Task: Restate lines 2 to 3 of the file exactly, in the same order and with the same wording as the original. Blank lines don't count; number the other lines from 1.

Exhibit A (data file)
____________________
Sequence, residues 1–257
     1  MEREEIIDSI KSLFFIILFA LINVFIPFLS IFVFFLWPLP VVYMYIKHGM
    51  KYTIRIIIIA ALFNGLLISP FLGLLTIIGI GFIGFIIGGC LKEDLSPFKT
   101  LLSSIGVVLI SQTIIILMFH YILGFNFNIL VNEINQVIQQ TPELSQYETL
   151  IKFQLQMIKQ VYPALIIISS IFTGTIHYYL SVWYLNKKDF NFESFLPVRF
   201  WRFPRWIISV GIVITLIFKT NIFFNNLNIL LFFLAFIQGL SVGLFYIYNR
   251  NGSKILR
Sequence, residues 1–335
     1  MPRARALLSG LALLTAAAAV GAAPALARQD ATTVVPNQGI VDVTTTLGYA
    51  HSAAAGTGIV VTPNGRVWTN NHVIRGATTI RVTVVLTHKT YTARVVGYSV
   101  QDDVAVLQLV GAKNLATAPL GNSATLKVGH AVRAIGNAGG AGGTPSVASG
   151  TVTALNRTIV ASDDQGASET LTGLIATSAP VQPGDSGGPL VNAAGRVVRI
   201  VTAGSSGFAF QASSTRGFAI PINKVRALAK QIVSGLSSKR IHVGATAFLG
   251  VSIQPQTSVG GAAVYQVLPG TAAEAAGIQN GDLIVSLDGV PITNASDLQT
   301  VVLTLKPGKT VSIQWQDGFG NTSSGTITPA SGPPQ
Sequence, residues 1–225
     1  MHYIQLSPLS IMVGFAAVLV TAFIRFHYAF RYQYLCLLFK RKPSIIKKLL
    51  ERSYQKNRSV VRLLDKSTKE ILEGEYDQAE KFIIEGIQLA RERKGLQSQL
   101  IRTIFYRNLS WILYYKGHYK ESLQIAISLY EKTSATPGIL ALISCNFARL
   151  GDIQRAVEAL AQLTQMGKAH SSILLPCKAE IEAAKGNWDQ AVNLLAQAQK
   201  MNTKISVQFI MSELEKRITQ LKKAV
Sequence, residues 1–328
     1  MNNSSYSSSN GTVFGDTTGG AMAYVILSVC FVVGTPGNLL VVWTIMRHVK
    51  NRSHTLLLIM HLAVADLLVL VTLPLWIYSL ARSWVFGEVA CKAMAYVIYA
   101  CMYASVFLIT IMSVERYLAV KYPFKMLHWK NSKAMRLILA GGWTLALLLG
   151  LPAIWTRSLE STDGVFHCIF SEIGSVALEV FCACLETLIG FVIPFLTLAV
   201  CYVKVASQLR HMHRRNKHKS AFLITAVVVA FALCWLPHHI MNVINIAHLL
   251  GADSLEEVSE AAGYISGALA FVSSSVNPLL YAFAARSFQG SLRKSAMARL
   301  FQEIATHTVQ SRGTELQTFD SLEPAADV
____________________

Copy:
     1  MEREEIIDSI KSLFFIILFA LINVFIPFLS IFVFFLWPLP VVYMYIKHGM
    51  KYTIRIIIIA ALFNGLLISP FLGLLTIIGI GFIGFIIGGC LKEDLSPFKT